‘Dangerously Aggressive’
“In early 2009, I don’t think we could have borrowed a nickel if our life depended on it,” Smorada said. Investors submitted bids for almost four times the amount of notes offered, he said.
Investors haven’t lost discipline and companies are mainly selling bonds to refinance or cut interest expenses, said William Cunningham, the head of credit strategy and fixed-income research at State Street Corp.’s investment unit in Boston.
Wind Acquisition of Luxembourg raised $1.1 billion last month selling 7.5-year, 12.25 percent notes in dollars and euros that allow it to pay interest with more debt until 2014. Wind, controlled by Egyptian billionaire Naguib Sawiris and the parent of Wind Telecomunicazioni SpA, boosted the offering 50 percent as demand rose.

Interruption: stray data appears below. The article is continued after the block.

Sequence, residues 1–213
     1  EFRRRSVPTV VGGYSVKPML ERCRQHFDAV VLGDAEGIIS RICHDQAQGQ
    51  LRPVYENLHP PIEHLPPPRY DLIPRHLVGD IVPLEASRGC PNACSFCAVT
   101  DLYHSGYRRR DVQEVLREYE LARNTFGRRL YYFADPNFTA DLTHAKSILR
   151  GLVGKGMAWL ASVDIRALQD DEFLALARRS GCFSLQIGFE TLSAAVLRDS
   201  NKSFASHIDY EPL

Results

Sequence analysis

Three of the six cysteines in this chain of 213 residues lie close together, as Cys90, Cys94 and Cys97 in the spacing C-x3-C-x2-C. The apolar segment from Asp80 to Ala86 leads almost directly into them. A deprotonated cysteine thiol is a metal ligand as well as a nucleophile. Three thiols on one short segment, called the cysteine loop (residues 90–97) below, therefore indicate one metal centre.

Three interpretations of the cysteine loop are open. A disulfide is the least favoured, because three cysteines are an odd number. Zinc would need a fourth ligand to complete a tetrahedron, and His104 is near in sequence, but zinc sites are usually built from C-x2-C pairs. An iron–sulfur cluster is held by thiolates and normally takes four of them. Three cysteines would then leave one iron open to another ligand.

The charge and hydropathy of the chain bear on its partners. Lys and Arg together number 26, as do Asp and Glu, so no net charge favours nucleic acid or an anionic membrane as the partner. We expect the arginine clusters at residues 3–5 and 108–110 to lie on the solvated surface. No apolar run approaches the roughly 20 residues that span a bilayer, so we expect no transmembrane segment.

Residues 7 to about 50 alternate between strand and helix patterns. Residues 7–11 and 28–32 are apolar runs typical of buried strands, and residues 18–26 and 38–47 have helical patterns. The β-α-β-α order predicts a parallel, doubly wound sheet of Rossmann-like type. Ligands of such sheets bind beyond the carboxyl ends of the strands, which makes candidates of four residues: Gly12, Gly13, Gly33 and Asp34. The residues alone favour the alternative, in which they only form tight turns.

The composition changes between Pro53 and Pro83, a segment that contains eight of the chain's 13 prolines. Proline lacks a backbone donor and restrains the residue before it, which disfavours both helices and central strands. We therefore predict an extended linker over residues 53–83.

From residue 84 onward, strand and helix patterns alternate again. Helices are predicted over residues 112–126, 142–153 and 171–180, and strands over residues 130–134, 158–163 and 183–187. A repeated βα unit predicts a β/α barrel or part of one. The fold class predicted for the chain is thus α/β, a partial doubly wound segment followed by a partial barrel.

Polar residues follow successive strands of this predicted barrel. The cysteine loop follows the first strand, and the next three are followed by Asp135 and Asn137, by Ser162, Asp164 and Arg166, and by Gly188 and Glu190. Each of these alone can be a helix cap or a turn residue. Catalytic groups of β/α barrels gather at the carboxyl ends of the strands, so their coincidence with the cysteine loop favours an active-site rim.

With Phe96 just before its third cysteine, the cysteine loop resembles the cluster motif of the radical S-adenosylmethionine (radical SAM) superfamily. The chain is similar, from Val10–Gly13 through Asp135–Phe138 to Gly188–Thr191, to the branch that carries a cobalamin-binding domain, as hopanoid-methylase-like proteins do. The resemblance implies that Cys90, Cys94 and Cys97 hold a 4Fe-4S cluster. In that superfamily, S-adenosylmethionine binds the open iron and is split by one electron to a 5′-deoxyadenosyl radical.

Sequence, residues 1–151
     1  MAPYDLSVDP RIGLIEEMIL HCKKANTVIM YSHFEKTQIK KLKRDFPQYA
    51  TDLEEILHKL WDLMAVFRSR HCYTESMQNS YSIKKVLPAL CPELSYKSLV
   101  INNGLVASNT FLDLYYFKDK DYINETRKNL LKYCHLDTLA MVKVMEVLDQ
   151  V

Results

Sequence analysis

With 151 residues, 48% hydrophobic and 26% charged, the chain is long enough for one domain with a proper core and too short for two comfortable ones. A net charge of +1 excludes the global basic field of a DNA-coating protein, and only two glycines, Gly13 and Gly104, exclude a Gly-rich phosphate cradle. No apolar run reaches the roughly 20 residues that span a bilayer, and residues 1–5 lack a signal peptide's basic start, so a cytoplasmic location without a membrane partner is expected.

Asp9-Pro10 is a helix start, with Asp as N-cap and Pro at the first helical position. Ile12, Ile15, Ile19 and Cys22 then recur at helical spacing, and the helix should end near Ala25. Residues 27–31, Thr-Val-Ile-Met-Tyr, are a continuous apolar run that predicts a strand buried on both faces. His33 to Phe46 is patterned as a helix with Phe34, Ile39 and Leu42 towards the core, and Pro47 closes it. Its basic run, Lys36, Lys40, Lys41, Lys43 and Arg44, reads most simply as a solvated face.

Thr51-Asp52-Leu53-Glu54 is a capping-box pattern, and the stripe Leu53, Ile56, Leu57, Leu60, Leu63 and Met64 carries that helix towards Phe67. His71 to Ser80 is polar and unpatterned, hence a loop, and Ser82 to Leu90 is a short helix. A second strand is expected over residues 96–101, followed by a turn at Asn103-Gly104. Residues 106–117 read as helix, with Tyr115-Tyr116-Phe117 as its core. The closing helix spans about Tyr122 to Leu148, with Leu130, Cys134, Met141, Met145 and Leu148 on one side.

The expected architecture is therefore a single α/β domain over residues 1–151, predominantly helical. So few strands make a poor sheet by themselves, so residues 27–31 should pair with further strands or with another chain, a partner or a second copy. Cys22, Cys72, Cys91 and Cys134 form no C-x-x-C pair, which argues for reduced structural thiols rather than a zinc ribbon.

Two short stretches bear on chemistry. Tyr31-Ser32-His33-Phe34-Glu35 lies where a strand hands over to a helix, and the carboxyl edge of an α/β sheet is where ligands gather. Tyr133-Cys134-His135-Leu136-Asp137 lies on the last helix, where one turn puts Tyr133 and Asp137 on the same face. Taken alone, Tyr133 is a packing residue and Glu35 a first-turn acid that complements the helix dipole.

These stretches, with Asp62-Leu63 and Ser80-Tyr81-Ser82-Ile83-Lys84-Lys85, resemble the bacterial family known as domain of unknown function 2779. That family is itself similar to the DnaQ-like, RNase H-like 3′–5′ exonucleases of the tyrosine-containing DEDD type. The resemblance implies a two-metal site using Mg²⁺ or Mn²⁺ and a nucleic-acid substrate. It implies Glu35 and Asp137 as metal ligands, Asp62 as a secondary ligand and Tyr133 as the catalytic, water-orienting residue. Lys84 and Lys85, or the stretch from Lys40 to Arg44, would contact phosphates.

The investment flood has undercut efforts to toughen restrictions that protect investors, said Alexander Dill, senior covenant officer at Moody’s in New York. Many covenants are “largely replicating” rules from 2006 and 2007, Dill said in a Dec. 10 report.
TRW Automotive Inc., the world’s biggest supplier of vehicle-safety equipment, sold $250 million of eight-year notes in November rated Caa1 with covenants “substantially unchanged” from its 2007 indenture for debt graded four steps higher at Ba3, according to the Moody’s report. The Livonia, Michigan-based company said Dec. 22 it raised $400 million in term loans as lenders amended and extended its revolving credit facility.
FT Alphaville
Global high yield debt volume for the week of January 11th totaled $11.7 billion, the biggest week for high yield debt on record. The previous record was set during the week of November 5, 2006 when $11.4 billion was raised. With $14.4 billion raised so far this month, it is the best all-time start for the high yield markets since records began in 1980.